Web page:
Rural broadband: Former BT boss attacks 'outrageous' costs

A rural house in Powys
Image caption Mike Kiely says estimates for the cost of connecting rural Britain have fluctuated wildly

Mike Kiely was a senior manager for BT when he left the company after what he describes as "22 happy years".

He became an independent telecoms consultant at the Department of Culture Media and Sport where he advised ministers and civil servants on the rural broadband project.

At a cost of £2.5bn, the scheme aims to connect most of rural Britain - around 25,000 communities - to superfast broadband internet by 2015.

Around half of the money, some £1.2bn, has been put up by central and local government with the rest expected from BT.

Street telecoms cabinets are being installed in villages and hamlets and then connected by superfast fibre cables to telephone exchanges and handover points.

At the outset, nine of BT's competitors, including the giant Fujitsu competed for the work, but one by one they have fallen away.

So far, BT has been awarded 26 of the 44 contracts let by local authorities and, according to the Public Accounts Committee, looks set to win the remaining 18.

'No justification'

Mr Kiely, 50, became increasingly concerned about the way the government handled the project.

In his view, there was too little transparency about the costs being attributed to BT with wildly fluctuating estimates about the work.

In Northern Ireland, where the programme was first rolled out, the average cost of a cabinet installation was £37,787, which included £14,229 in public funds.

Image caption Mike Kiely was with BT for 22 years before working as a consultant for the government

But Mike Kiely says the average cost charged by BT for work on the mainland could be between £61,814 and £80,278, allowing the telecoms giant to draw down a public subsidy in each case of about £47,596 or 77% of the total.

In his only interview, Mr Kiely told BBC Radio 4: "I've tried to reconcile these costs, but I can find no justification.

"As far as we know, we don't yet know precisely what BT has billed councils in Britain but we do know that it has the potential to bill this much.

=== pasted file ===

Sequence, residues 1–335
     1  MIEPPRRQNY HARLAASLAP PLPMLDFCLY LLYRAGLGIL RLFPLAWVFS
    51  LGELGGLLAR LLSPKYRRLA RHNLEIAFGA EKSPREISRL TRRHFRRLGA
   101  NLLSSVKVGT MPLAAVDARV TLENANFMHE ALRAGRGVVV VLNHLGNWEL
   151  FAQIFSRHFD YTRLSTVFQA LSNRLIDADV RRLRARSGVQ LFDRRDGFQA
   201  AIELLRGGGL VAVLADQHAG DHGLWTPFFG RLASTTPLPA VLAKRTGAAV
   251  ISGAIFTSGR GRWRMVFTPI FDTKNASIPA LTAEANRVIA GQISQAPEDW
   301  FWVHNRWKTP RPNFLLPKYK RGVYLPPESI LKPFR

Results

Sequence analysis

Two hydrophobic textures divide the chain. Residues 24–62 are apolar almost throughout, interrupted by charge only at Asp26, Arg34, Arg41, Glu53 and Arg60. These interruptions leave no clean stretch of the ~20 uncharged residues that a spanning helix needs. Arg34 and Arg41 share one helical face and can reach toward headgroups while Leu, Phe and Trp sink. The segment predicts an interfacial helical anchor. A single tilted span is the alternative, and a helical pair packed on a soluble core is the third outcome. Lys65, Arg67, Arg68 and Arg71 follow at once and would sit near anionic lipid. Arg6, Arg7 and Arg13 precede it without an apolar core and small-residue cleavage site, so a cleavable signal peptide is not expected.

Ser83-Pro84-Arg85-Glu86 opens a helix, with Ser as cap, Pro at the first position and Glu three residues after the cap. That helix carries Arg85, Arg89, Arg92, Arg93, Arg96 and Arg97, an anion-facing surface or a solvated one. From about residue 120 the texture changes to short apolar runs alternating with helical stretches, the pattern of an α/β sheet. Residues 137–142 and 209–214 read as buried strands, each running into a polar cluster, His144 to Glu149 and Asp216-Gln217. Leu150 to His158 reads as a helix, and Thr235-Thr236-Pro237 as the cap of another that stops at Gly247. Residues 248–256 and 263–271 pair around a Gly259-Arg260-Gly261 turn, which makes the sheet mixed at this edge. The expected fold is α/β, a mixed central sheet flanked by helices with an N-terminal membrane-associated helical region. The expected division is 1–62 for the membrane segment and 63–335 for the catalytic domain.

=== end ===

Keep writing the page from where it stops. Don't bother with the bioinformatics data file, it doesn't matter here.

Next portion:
"It is outrageous and sometimes you don't feel apologetic for saying it because that's the number and sometimes you can't say it but that's the only number we have in the public domain until further reconciliation work can be done."

BT has denied inflating costs to soak up as much public subsidy as possible, and has rejected allegations by the Public Accounts Committee that it has exploited its "quasi-monopolistic position".

Sean Williams, BT's strategy director, said: "It's completely untrue, we're not exploiting any position at all.

"We're investing over £3bn to roll out fibre networks across rural Britain.

"When they're built, it will be available to all of our competitors. We're being completely open about our costs.

"And when it's done, the UK will have the best superfast network in Europe in 2015."

'Explanation needed'

Mr Kiely has also questioned BT's promise to provide half of the money needed to fund the scheme.

He said the National Audit Office (NAO) established that BT's contribution will be closer to 23% of the total, around £356m. Again this claim is strongly contested by BT.

He added: "It appears BT was telling the NAO in July that it was expecting to invest £500m in capital investment, none of which anyone can examine thoroughly, then another £500m in what are described as 'operational costs'.

"The original billion pounds offer to the House of Lords by BT sounded very unambiguous at the time and that needs to be examined. There's definitely been a reduction in capital commitment and that needs explaining."

Mr Kiely also agrees with the Public Accounts Committee's findings that there is a lack of transparency over BT's costs.

In January, the company charged Rutland County Council an average of £16,400 per cabinet for 13 separate parishes and yet a senior BT executive recently quoted a figure of £100,000 per cabinet.

"That sort of figure is just tautological nonsense," said Mr Kiely.

"There's nothing stopping anyone buying a cabinet on line and paying BT £8,000 to connect it up to its network. Most engineers would find that sort of figure pretty offensive."

Mr Kiely's contract with BDUK, the rural broadband delivery unit within the Department of Culture Media and Sport, was terminated last year after his letter to a local authority warning of possible overcharging was published without his consent by a blogger.

"I think BT will do a fantastic job," he said of his former employer. "But there are a number of very important issues in relation to rural broadband that need investigating."

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